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This review first appeared in the May 2014 issue of hi-end hifi magazine of Germany. You can also read this review of AudioSolutions
in its original German version. We publish its English translation in a mutual syndication arrangement with the publishers. As is customary for our own reviews, the writer's signature at review's end shows an e-mail address should you have questions or wish to send feedback. All images contained in this review are the property of fairaudio or AudioSolutions - Ed.

Reviewer: Markus Sauer
Sources: Heed Obelisk DT and DA transport and DAC; Garrard 401 in Loricraft plinth, Alphason HR100S tone arm, Ortofon Windfeld cart, Loricraft The Missing Link phono stage
Amplification: Ayre K-5xeMP preamp, Symasym and Ncore power amps
Loudspeakers: JBL LSR 6332, ATC SCM25A
Review component retail: starting at €2’500/pr

Postcard from Lithuania. AudioSolutions still are a relatively new loudspeaker house. Owner/operator Gediminas Gaidelis started with speakers in 2003. But a country with ca. 3’000’000 heads is simply too small to support a speaker brand, never mind that Lithuania’s buying power is clearly lower than for example Germany to focus on more affordable offerings. Since Gediminas wasn’t content to exclusively focus there—it would have limited his chances at expressing a large part of his ideas and concepts—he launched AudioSolutions in 2011 to pursue the export markets.

The Rhapsody range was first, the lower-tier Euphony series followed relatively soon. The latter’s top model Euphony 140 bowed at the end of 2013 and is the subject of this report. The Euphony models were a must, said Gaidelis, not just because the Rhapsody models aren’t within reach of everyone but because many clients favour a traditional box with flat panels which more easily blends into a décor.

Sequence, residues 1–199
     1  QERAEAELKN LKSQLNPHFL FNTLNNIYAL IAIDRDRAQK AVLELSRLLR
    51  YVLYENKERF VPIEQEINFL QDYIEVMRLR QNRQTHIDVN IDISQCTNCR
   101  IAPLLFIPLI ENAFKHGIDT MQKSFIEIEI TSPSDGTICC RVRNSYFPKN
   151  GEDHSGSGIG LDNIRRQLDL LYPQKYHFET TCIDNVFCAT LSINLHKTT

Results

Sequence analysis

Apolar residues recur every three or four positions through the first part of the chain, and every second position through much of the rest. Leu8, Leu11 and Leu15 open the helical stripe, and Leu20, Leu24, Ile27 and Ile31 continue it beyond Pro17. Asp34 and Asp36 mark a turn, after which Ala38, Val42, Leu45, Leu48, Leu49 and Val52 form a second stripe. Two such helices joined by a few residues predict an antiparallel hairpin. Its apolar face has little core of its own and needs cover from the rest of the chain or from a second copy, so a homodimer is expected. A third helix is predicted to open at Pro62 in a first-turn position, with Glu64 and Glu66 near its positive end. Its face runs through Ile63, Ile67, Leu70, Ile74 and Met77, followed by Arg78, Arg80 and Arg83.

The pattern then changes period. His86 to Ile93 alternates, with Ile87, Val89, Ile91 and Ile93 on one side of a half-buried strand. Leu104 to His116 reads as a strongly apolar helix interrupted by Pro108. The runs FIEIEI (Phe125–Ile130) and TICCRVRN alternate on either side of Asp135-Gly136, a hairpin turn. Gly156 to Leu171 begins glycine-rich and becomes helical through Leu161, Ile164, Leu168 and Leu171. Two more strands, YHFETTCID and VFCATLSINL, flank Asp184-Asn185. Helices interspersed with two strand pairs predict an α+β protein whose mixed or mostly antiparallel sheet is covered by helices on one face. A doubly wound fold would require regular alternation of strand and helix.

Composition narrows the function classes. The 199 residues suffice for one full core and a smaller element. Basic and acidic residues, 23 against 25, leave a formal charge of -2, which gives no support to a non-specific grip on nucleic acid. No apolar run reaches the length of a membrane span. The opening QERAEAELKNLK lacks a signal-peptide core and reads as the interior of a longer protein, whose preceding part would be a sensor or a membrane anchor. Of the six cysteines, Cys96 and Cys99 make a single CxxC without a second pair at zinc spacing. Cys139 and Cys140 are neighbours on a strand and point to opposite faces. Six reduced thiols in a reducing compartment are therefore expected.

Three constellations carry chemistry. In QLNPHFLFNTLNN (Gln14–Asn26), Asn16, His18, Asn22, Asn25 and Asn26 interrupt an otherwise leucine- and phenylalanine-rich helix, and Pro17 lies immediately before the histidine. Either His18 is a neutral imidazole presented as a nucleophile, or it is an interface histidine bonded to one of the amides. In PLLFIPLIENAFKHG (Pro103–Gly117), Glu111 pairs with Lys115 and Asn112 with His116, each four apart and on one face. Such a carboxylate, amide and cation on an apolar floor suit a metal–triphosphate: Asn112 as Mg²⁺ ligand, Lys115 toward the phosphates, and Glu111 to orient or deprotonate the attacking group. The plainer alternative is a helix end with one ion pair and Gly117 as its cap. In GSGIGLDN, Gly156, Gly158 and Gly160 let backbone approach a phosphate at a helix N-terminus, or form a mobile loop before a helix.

The goal of the Euphony range thus was a maximal percentage of sonic Rhapsody goodness for a significantly lower price. Within this range the client ought to pick primarily on room size. The smallest Euphony 50 is said to sound tonally very similar in a small room as the Euphony 140 does in a big one.

The handover between bass and midband sits at 600Hz. The midrange driver duplicates the woofer but operates in its own chamber and—unusual for a dedicated midrange—with its own port. Gaidelis claims this lowered the driver’s self resonance and moved it outside his used bandwidth to such a degree that the necessary crossover filter simplified. Additionally the vented alignment created a more "open" sound whereas a sealed chamber would have overdamped his chosen transducer. Hence he paid close attention to the chamber’s interior damping as well. Too much would have "killed" the driver's necessary attack.

The choice of dedicated midrange driver was in pursuit of lower resonances. Tasked to cover bass and midrange, there’d be breakup at higher frequencies. Loaded into a smaller cubic volume, the same driver’s effective bandwidth expands upward and distortions are minimized. Distortion measurements and waterfall plots bear this out we’re told. Gaidelis claims this decision was directly responsible for the brilliant overall results since it’s the vocal band where the most important musical information concentrates.

The filter frequency between it and the modern silk-dome tweeter with broad surround lies at 3’800Hz. Gaidelis remains tightlipped about the details of his filters save for the transition frequencies and generalizing that he doesn’t go after just flat amplitude response but also considers phase and impedance behaviour. He pays attention to the so-called power response as the sum of radiated in-room energy. This he calls as important as on-axis amplitude linearity. And the ears are sensitive to linear phase too. To handle those and related aspects, he’s willing to tolerate small response deviations particularly when 70% of the final result is subject to a room’s acoustic profile and how a speaker integrates with it.